_The six-member jury that convicted Bell was, indeed, all white. However, only one in 10 people in LaSalle Parish is African American, and though black residents were selected randomly by computer and summoned for jury selection, none showed up.

Free Speech 102: Free speech is rightly constrained...
by private property rights. The 1st Amendment right to free speech, etc is first and always subject to the rights of property. That is, if you are on my private property you do NOT have any right to say what you wish other than what I grant you. If you refuse to comply with my wishes regarding what you have to say, I can simply eject you from my property--by force if necessary. On public, or your own, property you are free to speak your mind--as long as you do not slander, liable or otherwise defame others--nor may you damage other people's property under the guise of "freedom of expression". Free Speech 102.

“It is better to keep your mouth closed....
and let people think you are a fool than to open it and remove all doubt.”

“The trouble ain't that there is too many fools, but that the lightning ain't distributed right.”

Mark Twain

With tasers, the lightning can now be distributed appropriately.

Missing the point?
An editor writing a position piece has a duty to his readers to provide a cogent analysis supporting his conclusion. If he vents his spleen, it must be in conclusion from, or as grounds for, a reasoned argument. This precludes a spleen vent as the selfsame beginning, end and middle of his statement.

There is some leeway in frivolous matters. One can imagine an "editorial" in sympathy with public mood consisting solely of "Go Phillies!" or "Go Lakers." But when the deadly serious matters of national policy and polity are seasoned with claims of incompetence, criminality and treason, much more is needed.

McSwane failed in this obligation in spectacularly intemperate fashion. This seems to me fair grounds for probation or dismissal.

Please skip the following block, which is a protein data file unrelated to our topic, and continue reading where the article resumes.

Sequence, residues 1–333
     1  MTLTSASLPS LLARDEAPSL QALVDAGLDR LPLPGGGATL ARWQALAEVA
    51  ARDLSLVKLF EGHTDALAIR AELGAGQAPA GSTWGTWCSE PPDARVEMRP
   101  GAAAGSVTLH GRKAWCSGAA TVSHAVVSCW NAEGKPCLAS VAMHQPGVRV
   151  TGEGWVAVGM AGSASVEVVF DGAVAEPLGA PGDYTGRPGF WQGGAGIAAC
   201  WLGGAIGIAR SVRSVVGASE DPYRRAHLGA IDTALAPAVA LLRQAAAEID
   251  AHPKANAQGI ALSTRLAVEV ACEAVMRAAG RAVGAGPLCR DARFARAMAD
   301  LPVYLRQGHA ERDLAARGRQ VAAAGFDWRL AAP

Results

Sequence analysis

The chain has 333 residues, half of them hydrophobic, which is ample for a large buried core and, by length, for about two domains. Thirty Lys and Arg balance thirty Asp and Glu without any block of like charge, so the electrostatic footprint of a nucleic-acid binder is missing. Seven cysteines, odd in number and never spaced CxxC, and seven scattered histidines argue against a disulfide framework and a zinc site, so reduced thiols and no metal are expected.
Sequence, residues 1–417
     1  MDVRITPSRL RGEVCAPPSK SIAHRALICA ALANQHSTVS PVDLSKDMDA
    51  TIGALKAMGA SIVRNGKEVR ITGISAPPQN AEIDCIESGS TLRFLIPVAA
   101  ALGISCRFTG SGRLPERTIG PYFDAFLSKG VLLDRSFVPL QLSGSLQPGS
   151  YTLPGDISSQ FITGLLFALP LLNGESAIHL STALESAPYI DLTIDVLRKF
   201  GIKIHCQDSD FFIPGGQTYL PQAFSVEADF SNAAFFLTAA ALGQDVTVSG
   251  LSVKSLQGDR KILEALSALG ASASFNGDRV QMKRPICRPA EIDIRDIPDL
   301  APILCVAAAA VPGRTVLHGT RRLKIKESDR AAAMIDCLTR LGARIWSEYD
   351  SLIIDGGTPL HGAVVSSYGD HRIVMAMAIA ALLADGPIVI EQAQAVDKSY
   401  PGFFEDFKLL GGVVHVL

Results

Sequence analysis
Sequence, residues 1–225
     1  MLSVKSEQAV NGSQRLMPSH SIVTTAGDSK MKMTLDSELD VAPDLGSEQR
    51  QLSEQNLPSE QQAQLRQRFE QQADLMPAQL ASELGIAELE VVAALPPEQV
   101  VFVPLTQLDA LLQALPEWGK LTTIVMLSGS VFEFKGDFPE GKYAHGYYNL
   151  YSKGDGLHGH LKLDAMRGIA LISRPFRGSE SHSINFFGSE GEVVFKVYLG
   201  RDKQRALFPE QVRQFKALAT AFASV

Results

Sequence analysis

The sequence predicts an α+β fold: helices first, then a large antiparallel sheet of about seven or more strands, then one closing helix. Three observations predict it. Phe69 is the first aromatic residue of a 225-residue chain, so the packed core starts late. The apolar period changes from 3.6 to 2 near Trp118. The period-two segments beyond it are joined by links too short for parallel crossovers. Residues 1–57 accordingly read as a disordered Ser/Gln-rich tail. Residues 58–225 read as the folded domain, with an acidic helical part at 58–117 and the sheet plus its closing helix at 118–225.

sorry to pick a nit
Technically, even if you are on someone else's property, you are still free to say what you want. It's just that you also have to be willing to accept the consequences, one of which may be having the owner ask you to leave.

The only way to prevent someone from speaking is by getting physical, which would probably constitute assault, and be actionable on the part of the would be speaker.

Careless speech under the shield of free speech
One of the worst aspects of "all this", if I'm making the right connection with your post, is that the time and thought required for real investigation and scrutiny are regarded as prohibitive.

So hucksterism triumphs, and cover is quickly provided for under-the-table power grabs, by the advantages of carelessness, and it's acceptable to counter criticism with a "my-free-speech" power whine.

Negligence is regarded as a satisfactory tradeoff for speed and drama--devil take the truth if there's hate crimes legislation to be promoted, etc.

What about good taste?
First, free speech does not mean I have to listen. Second, someone who cannot express themselves without profanity is either looking to shock or is a idiot. How does this explain anything other than his foul mouth.

Once again, this is indicative of the left. All noise, no class and nothing meaningful to say.

A ideology of emotion.

another nit